Principal Greg Moffitt at Fairmont Charter Elementary School in Vacaville, Calif., spent hours substitute teaching on Monday—and not for the first time. Last week, Moffitt said, he subbed in multiple classrooms, at recess, and during student lunches due to staff members missing work because of quarantined kids or appointments to attend. He also subbed in a paraeducator position that hasn’t been filled all year. “That meant that teacher observations didn’t get scheduled, parents weren’t able to meet with me about their children until late into the evening, and all the other stuff principals do had to wait,” he wrote in an email.

Moffitt said school district leaders and staffers are also willing to substitute in his school, and the district has raised pay for substitutes. But the shortage means his teachers sometimes have to sub outside of their areas of expertise.

“Our reading intervention teacher … may get pulled to cover a classroom, which means canceling her intervention groups. Our counselor may get pulled from meeting with students to teach part of the day,” he said. “Our PE teacher has had to double up classes or teachers have had to miss their prep.”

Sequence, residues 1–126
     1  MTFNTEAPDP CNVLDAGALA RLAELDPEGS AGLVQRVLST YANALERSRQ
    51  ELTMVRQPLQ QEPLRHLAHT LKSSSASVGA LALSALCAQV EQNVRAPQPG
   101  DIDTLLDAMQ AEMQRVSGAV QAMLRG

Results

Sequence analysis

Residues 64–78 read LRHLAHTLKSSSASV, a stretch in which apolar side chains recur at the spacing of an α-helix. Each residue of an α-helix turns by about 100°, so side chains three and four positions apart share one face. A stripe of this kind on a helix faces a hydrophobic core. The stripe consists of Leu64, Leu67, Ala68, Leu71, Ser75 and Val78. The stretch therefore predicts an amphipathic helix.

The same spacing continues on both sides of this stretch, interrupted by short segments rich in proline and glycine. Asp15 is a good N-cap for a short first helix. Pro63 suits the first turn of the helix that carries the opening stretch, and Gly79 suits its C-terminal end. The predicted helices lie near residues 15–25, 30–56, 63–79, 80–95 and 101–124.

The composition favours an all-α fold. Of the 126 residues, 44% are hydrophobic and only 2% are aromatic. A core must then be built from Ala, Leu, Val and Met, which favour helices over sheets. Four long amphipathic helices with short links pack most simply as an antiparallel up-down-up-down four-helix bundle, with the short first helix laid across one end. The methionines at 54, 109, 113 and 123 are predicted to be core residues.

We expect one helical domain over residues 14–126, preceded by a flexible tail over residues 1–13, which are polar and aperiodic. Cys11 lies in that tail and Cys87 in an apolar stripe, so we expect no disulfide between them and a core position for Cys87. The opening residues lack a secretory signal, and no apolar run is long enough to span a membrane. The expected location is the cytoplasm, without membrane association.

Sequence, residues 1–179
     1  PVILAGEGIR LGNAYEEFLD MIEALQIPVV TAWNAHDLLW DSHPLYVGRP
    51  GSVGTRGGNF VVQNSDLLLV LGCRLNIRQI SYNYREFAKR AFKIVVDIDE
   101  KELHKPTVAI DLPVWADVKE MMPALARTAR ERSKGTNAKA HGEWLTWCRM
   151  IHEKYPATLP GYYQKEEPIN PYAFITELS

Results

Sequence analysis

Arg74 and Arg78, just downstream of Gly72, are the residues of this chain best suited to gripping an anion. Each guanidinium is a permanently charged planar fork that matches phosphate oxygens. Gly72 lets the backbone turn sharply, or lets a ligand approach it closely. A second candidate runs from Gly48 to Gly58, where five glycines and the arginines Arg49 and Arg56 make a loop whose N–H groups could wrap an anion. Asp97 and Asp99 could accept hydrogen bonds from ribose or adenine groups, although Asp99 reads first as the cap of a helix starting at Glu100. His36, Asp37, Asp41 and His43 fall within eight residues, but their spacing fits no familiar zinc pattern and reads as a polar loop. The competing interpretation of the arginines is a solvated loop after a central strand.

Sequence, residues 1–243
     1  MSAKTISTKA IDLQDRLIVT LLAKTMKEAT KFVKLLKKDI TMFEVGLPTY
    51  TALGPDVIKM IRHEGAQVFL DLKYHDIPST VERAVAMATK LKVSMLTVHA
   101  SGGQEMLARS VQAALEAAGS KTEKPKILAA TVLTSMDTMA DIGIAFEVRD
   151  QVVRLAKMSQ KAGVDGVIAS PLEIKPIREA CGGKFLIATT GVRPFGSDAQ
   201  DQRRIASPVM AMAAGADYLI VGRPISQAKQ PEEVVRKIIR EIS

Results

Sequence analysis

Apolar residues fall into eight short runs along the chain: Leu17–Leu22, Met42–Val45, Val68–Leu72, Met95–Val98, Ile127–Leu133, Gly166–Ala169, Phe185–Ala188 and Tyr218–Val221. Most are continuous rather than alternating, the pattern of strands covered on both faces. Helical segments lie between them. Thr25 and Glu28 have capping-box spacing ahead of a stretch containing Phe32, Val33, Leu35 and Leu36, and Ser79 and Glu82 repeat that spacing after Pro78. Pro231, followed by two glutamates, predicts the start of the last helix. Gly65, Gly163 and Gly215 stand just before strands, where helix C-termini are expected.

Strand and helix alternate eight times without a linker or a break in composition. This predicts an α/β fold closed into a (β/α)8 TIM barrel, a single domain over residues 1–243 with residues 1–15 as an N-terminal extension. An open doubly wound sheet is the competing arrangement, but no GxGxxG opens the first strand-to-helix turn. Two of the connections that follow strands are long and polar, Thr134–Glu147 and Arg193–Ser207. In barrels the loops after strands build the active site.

In Florida, Guerette taught full-time for more than 13 years in the Martin County and Okeechobee County school districts, mostly in kindergarten classes. But the stress and long hours affected her and her family. She left her teaching position five years ago and began working as a substitute. “I love the kids, and the kids haven’t changed,” she said. “I get to help kids every day … but I don’t have to take it home.”

Guerette works most school days but enjoys the flexibility to take fewer jobs if she wants. She can view and accept substitute jobs on the county’s computerized database. She estimates she regularly used to see 60 different substitute teachers working in Martin County schools. Now she is sometimes the only substitute on a given campus, despite multiple teacher absences.

Many of the substitute teachers she used to see were older, Guerette said, and likely have concerns about catching COVID-19. She also thinks student misbehavior has contributed to lower availability of substitutes.

Guerette tries to follow each teacher’s lesson plan, and she said teachers and administrators are generally very appreciative of her help: “I feel like I’m fulfilling a purpose.”